Royal Hong Kong YC

22nd January-February 2013, Hong Kong
A second visit to assist with training at this great club.  This time a balance between classroom and on-the-water training.  Robert Lamb led the classroom sessions and mentored the local race officers on the water.  The report for the previous visit last year is here.

The visit started with an event - the Prince Henrik Silver Trophy - a three day team racing event with International Dragons and four international teams of three.  54 races were run at Port Shelter by race officer Charlie Manzoni who did a great job.  Whilst the quality of the team racing was relatively poor, it was a great event with snappy and accurate race management.  The team did a great job.

A third level 1 seminar with 14 students was then run on the next 4 evenings before a second event again in Port Shelter.

The Class Regatta was one of RHKYC's major keelboat events with 5 races for eight classes.  44 boats conmpeted under the direction of Simon Boyd who also did a good job as far as the race management was concerned.  The conditions were tricky and the event complicated by another event in the same race area that managed to put themselves right in the middle of the available space for racing on the first day.  This compromised the racing for Simon through no fault of his own and he had few options.  But the racing was fair and well managed.

It is good to see the progress that has been made by the Royal Hong Kong Yacht Club since Rob's first visit in October last year.  A final visit will be associated with the Flying Fifteen Worlds in October 2013.  Rob will mentor Charlie Manzoni running the 'pre-worlds' beforre leaving him and the RHKYC to manage the Worlds themselves.

Royal Hong Kong YC

September-October 2012, Hong Kong
Robert Lamb visited the RHKYC for the first of three periods of training.

The Royal Hong Kong Yacht Club is a fantastic institution with approximately 16,000 members, three club houses and a turn over in the region of £10M.  The main clubhouse is at the northern aspect of Hong Kong Island bordering the harbour.  The other two are in idyllic locations - one on Middle Island and the other in the New Territories.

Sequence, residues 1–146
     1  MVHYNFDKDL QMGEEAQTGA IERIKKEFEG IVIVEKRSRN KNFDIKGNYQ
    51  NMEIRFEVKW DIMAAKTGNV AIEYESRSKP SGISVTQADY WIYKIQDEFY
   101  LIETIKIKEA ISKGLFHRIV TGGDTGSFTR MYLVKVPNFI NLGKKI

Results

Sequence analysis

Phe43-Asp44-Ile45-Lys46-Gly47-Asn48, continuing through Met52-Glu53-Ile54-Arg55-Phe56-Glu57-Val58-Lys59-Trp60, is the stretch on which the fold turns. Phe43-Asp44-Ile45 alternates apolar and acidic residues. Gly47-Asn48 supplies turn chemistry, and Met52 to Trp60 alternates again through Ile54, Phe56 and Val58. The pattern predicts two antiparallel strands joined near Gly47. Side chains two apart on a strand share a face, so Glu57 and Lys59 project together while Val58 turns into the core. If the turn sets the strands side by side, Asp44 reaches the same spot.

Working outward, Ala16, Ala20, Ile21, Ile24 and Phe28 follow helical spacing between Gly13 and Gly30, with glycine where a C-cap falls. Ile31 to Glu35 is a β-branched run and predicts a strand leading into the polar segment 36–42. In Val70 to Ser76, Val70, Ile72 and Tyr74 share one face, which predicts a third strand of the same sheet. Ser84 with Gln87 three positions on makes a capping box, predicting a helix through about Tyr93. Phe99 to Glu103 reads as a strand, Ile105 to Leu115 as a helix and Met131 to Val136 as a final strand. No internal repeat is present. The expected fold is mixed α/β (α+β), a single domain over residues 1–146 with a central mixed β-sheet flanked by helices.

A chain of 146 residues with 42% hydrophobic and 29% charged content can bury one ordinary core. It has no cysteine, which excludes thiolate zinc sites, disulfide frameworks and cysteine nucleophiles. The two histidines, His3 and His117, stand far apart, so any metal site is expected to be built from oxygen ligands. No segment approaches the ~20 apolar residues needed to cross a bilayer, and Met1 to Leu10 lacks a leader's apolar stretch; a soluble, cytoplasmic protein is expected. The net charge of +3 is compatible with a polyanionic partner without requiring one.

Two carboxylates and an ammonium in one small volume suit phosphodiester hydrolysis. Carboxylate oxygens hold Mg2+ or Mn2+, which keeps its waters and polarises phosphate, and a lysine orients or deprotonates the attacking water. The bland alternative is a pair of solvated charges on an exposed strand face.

The setup on Hong Kong is very unusual with paid marine staff delivering the race management with club members appointed over them by rota.  Only 1 or 2 members are present on the race course and their primary role is to act as the interface between the race management and the sailors.  The result is that the member race officers are inexperienced, reluctant and sometimes abused by the competitors, so not a popular role.  To make matters worse the Class Captains have a massive amount of influence over the day's racing, to such an extent that the cynical may accuse them of manipulating the racing for their own personal benefit.  


Transport to work each day

The office staff have a lot to do with racing in 3 separate areas each and every weekend in addition to 6 or so major fleet regattas each year.  There are also several high profile offshore events to manage as well, a task that is low on requirement of resource during the race itself, but high in the preparation phase. 

So there was a lot to do for Robert Lamb visiting the RHKYC for the first of three visits.  The organisation and current practice had to be understood before delivering seminars to the marine staff and members.  The sailing instructions were reviewed.


The Noonday Gun

One Club Race Officer Course, two level 1 seminars and one level 2 seminar were delivered to a total of  41 individuals.  A strategy was proposed outlining a way forward and this included further training on the water, mark laying instruction and the development of a race management committee.  The latter would be responsible for all aspects of race management including re-writing the sailing instructions to comply with best practice.


Hong Kong Harbour from the clubhouse

Almost without exception the members are intelligent across the board and the place has a real buz about it.  The potential for the development of a great race manageement team is huge if the resources open to them are utilised efficiently.  Charlie Manzoni is an enthusuastic leader of the project that will, I'm sure, see a revolution in current race management to become best practice over the next few years.

The Royal Hong Kong Yacht Club wisely recognises that race management has moved on over the past few years.  They are keen to ensure that they are in a position to deliver best practice.  

Robert Lamb of SolentXtra, an ISAF and RYA Race Management Instructor, has been asked to spend time at the club to assess current procedures and practice, teach members race management at its best and put in place an in-house system for training of race officers and mark layers.


Rob leaves for Hong Kong on September 17th to return after 3 weeks on 9th October.

© SolentXtra 2012